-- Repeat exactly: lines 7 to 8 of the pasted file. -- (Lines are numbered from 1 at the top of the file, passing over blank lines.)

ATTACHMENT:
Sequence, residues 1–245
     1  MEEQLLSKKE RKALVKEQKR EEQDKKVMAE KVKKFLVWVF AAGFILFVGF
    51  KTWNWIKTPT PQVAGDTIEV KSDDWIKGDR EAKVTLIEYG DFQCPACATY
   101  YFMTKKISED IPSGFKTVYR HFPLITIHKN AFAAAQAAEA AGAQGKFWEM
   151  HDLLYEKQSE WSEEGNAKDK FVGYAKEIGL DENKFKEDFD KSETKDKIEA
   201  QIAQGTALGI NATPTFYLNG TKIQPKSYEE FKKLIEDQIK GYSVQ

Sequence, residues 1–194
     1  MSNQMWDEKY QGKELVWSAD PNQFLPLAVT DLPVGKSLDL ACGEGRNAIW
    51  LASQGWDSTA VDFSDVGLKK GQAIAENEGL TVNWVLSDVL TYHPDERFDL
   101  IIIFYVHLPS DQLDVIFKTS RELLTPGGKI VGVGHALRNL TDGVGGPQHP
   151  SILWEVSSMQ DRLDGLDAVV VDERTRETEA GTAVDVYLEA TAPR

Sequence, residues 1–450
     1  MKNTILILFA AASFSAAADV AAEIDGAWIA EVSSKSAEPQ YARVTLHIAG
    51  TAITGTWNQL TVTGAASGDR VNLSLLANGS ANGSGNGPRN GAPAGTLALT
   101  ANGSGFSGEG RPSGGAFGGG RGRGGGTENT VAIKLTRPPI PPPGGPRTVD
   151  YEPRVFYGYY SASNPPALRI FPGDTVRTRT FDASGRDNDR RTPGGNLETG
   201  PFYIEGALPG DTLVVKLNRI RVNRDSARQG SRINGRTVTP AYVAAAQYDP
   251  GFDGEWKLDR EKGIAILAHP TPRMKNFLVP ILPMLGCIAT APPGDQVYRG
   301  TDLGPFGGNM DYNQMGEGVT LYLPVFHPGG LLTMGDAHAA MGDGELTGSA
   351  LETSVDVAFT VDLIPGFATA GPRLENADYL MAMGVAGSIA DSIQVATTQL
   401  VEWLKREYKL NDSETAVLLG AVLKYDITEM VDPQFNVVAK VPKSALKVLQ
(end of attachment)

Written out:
Sequence, residues 1–194
     1  MSNQMWDEKY QGKELVWSAD PNQFLPLAVT DLPVGKSLDL ACGEGRNAIW